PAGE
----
Best American Essays 2014, ed. John Jeremiah Sullivan, 2014
The latest in this series which began in 1986 features thehip and iconoclastic author of Pulphead whose introduction focuses on Montaigne, King James (of Bible fame), and the word essay which means both ‘to try’ and ‘the trial’. Sullivan goes on to choose an array of essays which are modern, explicit (lots of words one would never have found in TNY a few years ago!), and often tales of personal pain and failure (e.g. two essays tell stories of sexual abuse as young boys and one is about the sudden death of a spouse). Not one of my favorite collections:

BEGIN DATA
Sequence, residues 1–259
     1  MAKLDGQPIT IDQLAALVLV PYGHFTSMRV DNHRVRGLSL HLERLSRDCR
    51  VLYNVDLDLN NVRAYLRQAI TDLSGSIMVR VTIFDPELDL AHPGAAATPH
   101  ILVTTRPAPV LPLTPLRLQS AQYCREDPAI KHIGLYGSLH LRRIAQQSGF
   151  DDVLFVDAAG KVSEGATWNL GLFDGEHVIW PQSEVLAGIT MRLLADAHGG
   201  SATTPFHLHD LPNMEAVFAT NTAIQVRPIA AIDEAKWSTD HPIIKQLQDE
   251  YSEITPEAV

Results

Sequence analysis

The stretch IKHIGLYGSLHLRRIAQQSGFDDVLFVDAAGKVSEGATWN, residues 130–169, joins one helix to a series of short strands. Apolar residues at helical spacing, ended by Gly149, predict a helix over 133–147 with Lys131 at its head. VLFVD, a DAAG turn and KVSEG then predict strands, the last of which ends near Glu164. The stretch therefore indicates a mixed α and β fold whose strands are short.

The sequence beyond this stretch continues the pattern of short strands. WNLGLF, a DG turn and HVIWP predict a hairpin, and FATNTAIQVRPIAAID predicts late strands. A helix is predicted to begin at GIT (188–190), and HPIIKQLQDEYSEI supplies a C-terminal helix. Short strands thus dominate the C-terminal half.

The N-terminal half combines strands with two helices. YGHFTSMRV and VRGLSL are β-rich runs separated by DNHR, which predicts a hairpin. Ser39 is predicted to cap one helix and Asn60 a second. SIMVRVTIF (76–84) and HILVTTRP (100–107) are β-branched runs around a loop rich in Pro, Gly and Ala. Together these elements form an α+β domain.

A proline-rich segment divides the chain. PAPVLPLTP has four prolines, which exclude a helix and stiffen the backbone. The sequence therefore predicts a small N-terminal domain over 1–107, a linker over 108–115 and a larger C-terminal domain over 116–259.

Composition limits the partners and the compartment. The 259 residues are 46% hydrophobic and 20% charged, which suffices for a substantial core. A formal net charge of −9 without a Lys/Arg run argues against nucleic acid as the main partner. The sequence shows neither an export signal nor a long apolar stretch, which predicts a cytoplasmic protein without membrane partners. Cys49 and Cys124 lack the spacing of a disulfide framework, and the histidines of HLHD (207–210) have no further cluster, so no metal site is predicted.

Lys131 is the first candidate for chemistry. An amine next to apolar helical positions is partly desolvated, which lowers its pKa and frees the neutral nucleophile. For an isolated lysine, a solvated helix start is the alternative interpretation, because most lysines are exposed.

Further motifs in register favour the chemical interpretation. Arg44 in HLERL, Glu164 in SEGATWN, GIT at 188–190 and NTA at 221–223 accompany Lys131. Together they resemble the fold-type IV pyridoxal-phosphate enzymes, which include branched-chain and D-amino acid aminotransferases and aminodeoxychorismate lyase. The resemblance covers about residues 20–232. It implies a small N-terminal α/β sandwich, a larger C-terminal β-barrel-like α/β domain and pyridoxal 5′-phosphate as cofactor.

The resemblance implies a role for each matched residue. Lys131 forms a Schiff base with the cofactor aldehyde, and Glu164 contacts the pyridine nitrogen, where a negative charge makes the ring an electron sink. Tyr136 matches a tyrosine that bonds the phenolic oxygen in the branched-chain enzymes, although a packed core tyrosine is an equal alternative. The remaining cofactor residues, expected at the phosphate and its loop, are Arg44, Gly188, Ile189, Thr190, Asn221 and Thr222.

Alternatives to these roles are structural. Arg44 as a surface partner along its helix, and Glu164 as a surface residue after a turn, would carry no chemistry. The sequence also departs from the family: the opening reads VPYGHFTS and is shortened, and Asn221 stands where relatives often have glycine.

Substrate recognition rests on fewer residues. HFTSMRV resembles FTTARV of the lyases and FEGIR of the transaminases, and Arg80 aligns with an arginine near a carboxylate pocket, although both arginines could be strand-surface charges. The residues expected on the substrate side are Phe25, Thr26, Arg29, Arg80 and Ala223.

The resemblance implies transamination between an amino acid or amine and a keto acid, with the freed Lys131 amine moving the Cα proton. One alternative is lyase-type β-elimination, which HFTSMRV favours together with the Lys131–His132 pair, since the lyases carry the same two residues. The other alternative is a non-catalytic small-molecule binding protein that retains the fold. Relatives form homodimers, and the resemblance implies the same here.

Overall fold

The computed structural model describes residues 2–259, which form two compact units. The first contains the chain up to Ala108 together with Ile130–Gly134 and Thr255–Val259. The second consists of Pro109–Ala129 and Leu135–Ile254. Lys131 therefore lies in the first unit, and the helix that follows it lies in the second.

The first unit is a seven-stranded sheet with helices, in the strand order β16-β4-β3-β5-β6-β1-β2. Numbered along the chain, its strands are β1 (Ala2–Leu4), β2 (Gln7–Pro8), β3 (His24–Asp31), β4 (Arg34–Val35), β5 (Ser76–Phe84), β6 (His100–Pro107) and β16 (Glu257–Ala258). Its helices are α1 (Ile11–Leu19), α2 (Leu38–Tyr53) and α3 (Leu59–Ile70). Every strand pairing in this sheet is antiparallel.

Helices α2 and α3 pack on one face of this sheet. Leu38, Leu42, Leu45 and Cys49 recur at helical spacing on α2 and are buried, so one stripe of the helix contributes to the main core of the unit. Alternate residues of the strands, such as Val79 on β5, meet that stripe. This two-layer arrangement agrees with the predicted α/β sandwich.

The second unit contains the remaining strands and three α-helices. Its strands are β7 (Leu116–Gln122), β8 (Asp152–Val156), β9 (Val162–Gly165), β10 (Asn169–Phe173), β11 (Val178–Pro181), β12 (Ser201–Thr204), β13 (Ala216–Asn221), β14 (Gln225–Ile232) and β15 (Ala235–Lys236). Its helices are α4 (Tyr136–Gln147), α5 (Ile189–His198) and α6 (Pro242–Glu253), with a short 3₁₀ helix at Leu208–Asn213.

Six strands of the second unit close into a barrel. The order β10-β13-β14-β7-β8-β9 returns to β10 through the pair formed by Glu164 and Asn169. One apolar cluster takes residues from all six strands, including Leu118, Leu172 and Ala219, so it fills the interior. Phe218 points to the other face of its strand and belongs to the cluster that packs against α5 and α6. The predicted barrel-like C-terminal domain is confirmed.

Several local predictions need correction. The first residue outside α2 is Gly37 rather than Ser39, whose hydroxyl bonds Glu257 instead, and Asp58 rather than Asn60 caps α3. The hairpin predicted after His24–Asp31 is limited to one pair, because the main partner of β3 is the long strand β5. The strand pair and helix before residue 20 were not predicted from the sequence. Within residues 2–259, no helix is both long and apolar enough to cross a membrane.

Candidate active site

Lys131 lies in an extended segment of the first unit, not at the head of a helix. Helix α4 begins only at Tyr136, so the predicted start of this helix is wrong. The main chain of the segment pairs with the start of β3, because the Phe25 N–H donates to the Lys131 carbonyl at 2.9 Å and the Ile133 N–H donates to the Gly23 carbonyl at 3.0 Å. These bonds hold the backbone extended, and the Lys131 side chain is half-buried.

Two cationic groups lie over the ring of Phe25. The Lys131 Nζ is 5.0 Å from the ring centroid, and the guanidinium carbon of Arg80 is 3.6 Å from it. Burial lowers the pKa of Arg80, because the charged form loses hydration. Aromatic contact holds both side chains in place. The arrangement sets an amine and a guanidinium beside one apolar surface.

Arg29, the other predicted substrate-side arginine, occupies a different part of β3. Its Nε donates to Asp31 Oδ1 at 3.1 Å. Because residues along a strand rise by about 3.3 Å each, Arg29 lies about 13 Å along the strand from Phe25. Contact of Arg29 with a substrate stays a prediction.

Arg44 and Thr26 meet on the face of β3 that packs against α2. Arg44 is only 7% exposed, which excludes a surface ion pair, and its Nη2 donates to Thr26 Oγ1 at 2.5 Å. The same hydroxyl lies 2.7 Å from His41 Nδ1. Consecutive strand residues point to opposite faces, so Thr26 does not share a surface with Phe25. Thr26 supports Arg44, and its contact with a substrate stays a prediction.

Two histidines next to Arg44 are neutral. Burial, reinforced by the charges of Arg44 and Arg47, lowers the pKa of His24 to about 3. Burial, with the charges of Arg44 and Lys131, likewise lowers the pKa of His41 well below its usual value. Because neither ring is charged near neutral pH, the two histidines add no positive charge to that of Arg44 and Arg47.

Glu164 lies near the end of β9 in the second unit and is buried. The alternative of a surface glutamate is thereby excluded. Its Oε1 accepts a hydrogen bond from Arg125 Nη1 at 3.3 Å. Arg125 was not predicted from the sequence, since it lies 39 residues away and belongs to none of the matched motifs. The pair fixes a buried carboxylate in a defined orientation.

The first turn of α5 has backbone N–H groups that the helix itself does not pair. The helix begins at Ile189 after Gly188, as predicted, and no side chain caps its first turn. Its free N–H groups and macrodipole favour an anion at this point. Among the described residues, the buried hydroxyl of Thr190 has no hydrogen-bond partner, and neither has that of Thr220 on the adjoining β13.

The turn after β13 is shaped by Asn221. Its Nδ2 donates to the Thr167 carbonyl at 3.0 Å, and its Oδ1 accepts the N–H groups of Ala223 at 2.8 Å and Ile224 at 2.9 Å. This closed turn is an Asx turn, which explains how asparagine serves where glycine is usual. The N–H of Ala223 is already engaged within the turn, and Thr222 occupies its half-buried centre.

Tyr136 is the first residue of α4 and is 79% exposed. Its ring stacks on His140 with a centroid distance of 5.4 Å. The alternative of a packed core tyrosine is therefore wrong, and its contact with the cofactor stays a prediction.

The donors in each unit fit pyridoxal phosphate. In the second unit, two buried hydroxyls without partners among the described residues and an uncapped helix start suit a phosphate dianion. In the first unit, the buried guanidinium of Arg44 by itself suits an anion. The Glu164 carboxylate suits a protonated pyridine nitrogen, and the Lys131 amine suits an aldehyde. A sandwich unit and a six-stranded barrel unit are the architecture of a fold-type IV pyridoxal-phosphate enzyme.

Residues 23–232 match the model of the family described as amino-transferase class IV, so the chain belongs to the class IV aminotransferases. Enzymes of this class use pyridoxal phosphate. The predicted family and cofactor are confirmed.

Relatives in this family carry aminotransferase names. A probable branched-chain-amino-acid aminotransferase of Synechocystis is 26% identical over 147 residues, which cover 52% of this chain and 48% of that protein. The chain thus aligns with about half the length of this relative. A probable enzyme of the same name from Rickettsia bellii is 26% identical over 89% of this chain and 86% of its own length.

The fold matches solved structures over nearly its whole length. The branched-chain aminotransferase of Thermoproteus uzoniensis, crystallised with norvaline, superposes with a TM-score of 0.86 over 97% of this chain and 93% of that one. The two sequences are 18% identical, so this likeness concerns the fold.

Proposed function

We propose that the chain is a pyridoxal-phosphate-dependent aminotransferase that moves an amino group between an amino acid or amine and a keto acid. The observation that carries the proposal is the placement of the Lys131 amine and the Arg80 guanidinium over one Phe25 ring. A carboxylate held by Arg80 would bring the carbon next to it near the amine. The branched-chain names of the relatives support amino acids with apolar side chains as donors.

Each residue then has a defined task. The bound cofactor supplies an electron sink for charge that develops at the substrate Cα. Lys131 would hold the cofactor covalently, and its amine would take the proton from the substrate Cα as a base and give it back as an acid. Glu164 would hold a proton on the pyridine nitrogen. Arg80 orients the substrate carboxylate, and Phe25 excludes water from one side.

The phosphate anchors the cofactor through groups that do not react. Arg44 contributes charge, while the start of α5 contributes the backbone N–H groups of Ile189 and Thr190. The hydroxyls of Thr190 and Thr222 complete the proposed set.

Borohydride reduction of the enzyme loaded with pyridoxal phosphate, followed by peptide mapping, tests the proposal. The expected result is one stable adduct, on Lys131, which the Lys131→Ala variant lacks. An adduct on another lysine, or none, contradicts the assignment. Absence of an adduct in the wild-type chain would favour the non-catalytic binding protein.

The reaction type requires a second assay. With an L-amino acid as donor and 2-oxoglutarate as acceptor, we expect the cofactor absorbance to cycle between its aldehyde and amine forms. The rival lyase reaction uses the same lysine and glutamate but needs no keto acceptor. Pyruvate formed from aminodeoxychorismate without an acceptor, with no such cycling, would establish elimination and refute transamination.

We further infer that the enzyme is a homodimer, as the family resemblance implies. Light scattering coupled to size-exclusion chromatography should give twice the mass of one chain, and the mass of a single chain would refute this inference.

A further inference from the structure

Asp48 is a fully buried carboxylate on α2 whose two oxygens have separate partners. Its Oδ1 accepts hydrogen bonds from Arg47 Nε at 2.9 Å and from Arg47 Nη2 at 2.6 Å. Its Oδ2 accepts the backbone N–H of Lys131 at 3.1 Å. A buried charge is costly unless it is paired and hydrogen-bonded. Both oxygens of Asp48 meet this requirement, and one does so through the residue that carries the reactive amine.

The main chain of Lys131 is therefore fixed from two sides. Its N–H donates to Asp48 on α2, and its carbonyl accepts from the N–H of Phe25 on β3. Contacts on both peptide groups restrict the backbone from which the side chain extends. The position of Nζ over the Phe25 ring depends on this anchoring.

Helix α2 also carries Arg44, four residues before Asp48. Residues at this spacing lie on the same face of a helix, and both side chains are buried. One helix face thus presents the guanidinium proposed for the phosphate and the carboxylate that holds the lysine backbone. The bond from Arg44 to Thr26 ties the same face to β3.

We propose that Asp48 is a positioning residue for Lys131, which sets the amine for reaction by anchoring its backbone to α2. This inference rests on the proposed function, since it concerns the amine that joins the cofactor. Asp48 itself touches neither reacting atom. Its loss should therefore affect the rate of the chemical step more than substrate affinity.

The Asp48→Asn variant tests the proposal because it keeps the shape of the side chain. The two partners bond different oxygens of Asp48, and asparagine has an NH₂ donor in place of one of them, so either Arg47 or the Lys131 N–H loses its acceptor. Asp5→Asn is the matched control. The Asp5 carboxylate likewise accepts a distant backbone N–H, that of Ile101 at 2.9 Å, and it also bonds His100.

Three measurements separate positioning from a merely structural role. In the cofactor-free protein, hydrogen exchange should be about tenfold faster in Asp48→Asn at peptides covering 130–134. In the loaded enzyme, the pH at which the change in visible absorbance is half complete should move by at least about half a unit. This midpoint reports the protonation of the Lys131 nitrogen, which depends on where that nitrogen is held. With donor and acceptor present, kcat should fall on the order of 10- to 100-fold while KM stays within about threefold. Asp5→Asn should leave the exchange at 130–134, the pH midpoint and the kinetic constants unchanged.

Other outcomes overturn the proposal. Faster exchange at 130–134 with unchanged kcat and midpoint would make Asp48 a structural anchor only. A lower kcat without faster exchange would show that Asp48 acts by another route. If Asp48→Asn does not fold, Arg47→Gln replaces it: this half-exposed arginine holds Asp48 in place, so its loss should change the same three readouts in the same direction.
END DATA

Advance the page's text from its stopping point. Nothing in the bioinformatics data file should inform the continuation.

Timothy Aubrey: A Matter of Life and Death (marriage as ‘someone to blame’); Wendy Brenner: Strange Beads (appreciation of life through Ebay beads, both infinite); John Culver: The Final Day in Rome (a wife dies suddenly of an aneurysm on vacation); Kristen Dombek: Letter from Williamsburg (a Brooklyn girl into ménage a trios and suffering from depression and bad relationships); Dave Eggars: The Man at the River (an American in Sudan); Emily Fox Gordon: At Sixty-Five (very spot on description of aging; worth re-reading); Mary Gordon: On Enmity (a reflection on the word ‘enemy’); Vivian Gornick: A Letter from Greenwich Village (vividly written description of NYC, friends, and aging; best piece); Lawrence Jackson: Slick Heads (written in African American jargon, I couldn’t get past page 2); Leslie Jamison, The Devil’s Bait (fascinating tale of Morgellons disease); Ariel Levy: Thanksgiving in Mongolia (an intrepid journalist travels to Mongolia and has a miscarriage); Yiyun Li: Dear Friend From My Life I Write to You in Your Life (a Katherine Mansfield quote in this story about a Chinese woman who emigrates to the US and moves from science to writing after a friend commits suicide); Barry Lopez: Sliver of Sky (heartbreaking story of sexual abuse as a child); Chris Offutt: Someone Else (another tale of pedophilia); Zadie Smith: Joy; Elizabeth Tallent: Little X (vividly written recollections of a childhood as the youngest in the family); Wells Tower: The Old Man at Burning Man (hysterical story of taking his 69 year old father to this festival in the desert); Jerald Walker: How to Make a Slave (a young man and then father struggles with race and racism in the US); Paul West: On Being Introduced (a very funny set of memories about being introduced at book readings); James Wood: Becoming Them; Baron Wormser: Legend: Willem de Kooning (a projection into the artist’s thoughts on coming to America).